I missed this performance when it was broadcast on BBC Radio 3 on
17 April 2013, so I’m pleased to have caught up with it on CD.
LSO Live specify 16 and 18 April, so I assume that what we have here
is a conflation of the dress rehearsal and the repeat performance
on the second evening. Colin Clarke was there on that second evening
and reported for MusicWeb International Seen and Heard - review
- concluding by expressing the hope that LSO Live would preserve the
performance for posterity. Here it is, his wish come true.
This was originally scheduled to be conducted by Sir Colin Davis,
whose 1995 Philips recording has been reissued at mid-price on Decca
4784143, making it and the new recording roughly commensurate in price.
In the event it became a memorial to Sir Colin’s memory, with
some short tributes, not preserved on the recording.
Inevitably another earlier recording of the work must be mentioned;
Britten’s own mono version from 1955, with Peter Pears as Prologue
and Peter Quint remains my benchmark. Whatever other version of this
chilling opera you go for, this remains an indispensable purchase,
either on Decca (4256722, 51:34 + 52:43) or, more economically, as
a download in a decent Naxos Classical Archives transfer from emusic.com
for £0.84, preferable to the Past Classics version which I mentioned
in my April 2009 Download Roundup. If you don’t subscribe to
emusic.com, it costs little more from classicsonline.com (£3.98)
- there’s no CD and the download is not available in the USA
and several other countries.
It was probably a mistake to listen to that classic recording first,
but it means that the new CDs had a tough act to follow. I’m
not a fan of Peter Pears’ voice but it’s his voice that
comes to mind first and foremost - haunts me, indeed - in hearing
any Britten opera and that’s especially the case with the Prologue
and Peter Quint in Turn of the Screw. Add Jennifer Vyvyan as
the governess, Joan Cross as Mrs Grose the housekeeper, Britten directing
the English Opera Group and a recording which still sounds well, though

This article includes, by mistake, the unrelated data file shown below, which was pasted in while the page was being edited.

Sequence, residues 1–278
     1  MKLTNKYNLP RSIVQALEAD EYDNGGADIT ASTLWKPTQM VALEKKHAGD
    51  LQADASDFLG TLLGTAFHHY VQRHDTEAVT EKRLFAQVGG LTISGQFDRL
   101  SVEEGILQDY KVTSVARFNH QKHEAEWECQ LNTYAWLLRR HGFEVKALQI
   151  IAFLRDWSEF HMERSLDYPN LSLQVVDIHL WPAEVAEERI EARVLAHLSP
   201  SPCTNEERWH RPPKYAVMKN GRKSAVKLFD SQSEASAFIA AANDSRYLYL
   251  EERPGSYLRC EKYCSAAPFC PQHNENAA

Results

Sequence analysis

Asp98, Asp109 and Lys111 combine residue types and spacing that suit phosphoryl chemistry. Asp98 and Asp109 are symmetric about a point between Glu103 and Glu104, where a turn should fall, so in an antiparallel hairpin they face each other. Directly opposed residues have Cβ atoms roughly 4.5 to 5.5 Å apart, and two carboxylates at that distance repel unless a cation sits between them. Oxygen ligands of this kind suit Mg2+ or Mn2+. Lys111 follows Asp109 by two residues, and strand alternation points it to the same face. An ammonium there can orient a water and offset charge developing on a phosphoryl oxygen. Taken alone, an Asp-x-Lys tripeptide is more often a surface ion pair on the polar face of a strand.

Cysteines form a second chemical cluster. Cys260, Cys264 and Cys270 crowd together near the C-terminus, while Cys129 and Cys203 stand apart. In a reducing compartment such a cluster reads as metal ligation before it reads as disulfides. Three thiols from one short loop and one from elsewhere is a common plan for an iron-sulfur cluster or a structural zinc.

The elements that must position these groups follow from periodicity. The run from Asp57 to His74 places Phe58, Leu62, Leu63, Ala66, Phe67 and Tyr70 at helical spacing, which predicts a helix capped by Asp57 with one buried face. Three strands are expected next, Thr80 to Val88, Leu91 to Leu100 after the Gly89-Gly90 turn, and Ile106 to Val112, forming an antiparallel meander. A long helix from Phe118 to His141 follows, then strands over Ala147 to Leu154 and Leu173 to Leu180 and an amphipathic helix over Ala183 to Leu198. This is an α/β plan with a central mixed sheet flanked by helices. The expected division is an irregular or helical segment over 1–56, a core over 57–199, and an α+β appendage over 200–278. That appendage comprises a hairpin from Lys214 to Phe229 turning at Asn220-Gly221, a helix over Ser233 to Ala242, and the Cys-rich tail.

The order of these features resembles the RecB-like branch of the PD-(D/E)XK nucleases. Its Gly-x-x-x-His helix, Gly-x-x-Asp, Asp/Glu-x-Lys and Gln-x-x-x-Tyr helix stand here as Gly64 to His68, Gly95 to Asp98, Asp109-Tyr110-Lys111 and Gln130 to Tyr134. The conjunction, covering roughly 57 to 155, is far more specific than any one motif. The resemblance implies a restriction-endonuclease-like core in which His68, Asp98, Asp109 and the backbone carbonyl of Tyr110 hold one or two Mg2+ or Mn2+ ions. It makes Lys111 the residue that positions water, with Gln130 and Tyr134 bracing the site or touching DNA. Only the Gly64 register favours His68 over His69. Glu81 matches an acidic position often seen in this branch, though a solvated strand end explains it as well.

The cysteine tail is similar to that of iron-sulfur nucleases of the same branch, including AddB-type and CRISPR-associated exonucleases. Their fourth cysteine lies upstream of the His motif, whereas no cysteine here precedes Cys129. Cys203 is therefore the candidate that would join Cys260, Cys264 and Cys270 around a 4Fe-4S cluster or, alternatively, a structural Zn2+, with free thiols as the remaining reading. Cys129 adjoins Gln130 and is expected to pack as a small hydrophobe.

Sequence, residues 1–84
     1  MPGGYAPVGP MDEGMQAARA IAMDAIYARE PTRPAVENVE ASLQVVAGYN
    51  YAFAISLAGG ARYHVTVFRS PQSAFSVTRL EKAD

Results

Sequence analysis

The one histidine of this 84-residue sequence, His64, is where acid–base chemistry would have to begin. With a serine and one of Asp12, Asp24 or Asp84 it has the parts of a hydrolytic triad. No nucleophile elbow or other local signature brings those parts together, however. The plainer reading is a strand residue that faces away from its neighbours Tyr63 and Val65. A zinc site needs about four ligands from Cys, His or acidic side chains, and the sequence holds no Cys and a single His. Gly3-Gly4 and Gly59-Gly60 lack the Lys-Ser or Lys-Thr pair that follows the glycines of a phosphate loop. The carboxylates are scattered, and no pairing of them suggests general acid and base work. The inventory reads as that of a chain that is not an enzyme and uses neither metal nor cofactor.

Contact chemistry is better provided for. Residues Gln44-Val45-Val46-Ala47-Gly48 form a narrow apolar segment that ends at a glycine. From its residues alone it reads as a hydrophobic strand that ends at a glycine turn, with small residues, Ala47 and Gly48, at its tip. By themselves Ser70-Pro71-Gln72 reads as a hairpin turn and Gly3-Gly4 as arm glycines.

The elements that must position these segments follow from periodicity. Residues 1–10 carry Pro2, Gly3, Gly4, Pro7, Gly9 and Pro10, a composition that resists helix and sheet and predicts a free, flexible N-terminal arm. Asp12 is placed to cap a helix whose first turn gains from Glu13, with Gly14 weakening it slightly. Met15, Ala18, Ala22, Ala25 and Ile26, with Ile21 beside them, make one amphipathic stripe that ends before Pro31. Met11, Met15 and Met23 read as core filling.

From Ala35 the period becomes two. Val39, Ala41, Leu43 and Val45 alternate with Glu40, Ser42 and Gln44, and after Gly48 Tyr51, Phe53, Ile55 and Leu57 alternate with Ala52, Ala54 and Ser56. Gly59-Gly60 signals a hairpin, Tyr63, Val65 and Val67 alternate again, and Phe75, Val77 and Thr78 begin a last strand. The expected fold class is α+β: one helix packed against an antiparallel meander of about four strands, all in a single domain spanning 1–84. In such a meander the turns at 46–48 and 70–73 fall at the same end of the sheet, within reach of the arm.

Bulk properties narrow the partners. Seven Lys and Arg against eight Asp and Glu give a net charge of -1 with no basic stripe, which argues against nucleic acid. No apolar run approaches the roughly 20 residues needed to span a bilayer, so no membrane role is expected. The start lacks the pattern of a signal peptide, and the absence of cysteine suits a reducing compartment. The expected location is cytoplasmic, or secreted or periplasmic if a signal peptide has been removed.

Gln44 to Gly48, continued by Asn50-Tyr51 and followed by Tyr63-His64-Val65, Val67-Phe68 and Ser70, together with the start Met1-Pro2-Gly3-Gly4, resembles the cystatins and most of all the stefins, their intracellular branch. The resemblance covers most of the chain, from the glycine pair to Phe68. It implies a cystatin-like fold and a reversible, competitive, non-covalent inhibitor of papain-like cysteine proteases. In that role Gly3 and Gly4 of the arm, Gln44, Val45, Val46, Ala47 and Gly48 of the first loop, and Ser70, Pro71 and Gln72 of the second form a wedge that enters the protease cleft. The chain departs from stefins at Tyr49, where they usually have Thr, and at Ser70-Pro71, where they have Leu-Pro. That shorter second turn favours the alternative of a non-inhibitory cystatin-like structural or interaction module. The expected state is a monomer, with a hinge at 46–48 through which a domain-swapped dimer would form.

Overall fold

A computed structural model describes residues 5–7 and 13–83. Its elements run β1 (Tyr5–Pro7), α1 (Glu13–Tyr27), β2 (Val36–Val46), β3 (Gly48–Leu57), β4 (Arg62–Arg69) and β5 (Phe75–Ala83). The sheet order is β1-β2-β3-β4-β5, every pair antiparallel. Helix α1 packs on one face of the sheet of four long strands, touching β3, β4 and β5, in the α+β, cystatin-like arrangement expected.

it’s mono only, and it’s practically unassailable. This
was the first time that David Hemmings, who was to go on to become
a famous actor, appeared before the public as Miles, giving what Alec
Porter aptly described at the time as ‘an extraordinarily perceptive
account’. I first heard the opera soon after I read the Henry
James story and both had a powerful effect on me. It’s still
equal first in my estimation of the Britten operas alongside Peter
I’m sorry to seem to be writing a review of the original recording,
but the fact is that it still grabs my attention as the new LSO Live
SACD doesn’t quite. Though the latter is available as a hybrid
SACD - I listened to both the CD and SACD stereo layers - in some
respects the older recording even possesses greater clarity, though
the spatial qualities of the new recording are apparent even in stereo,
especially as the ghostly Quint approaches and seems to end up in
It is unfair to criticise Andrew Kennedy for not being Peter Pears,
but I found that he involved me less, even in the Prologue. Pears’
performance of Quint richly merited the cry of ‘Peter Quint,
you devil!’ I’m not so sure about Kennedy. As I was about
to close this review, Paul Corfield Godfrey’s take on the new
recording appeared and I found myself in almost complete agreement
with him about the lack of dramatic involvement and the diction problems
affecting all the singers - review.
Admittedly Joan Cross’s voice in 1955 was past its best, but
somehow that seems appropriate for the role of Mrs Grose and perhaps
enabled her to enter into the character so effectively. At the other
end of his career, David Hemmings brought a knowing touch to the part
of Miles that isn’t quite captured by Michael Clayton-Jolly
on the new recording.
In one respect, however, I did enjoy the new recording. As with the
recent Covent Garden DVD/blu-ray of Gloriana, the hero of the
day is the conductor. I understand that Richard Farnes, of Opera North,
had been mentored by Sir Colin, albeit in conducting Sibelius rather
than Britten. Like other reviewers of the live concert, Colin Clarke
focuses on the clarity of focus inherent in his direction and that
comes over clearly in the recording, albeit that the pace overall
is rather slower than Britten’s own.
The notes in the booklet are informative but its multi-lingual nature
means that, though printed in a small font, it’s so substantial
that it’s very difficult to fit it back in the slim-line case.
Inconvenient though that is, we can at least be thankful that the
opera comes with the libretto and at a reasonable price, around £15
- back in 1955 you would have paid 72/11 (£3.65, but equivalent
to over £75 now) for the LPs and still not have had a libretto.
I’ll happily stay with Pears and Britten from 1955, then. The
new version by comparison sounds like a good run-through on an enjoyable
evening. If you must have stereo, you might consider the Colin Davis
reissue. I have read good things of Daniel Harding’s recording
(mid-price Virgin/Warner Classics, 4563792) but I haven’t heard
Previous review: Paul
Britten discography & review index: The
turn of the screw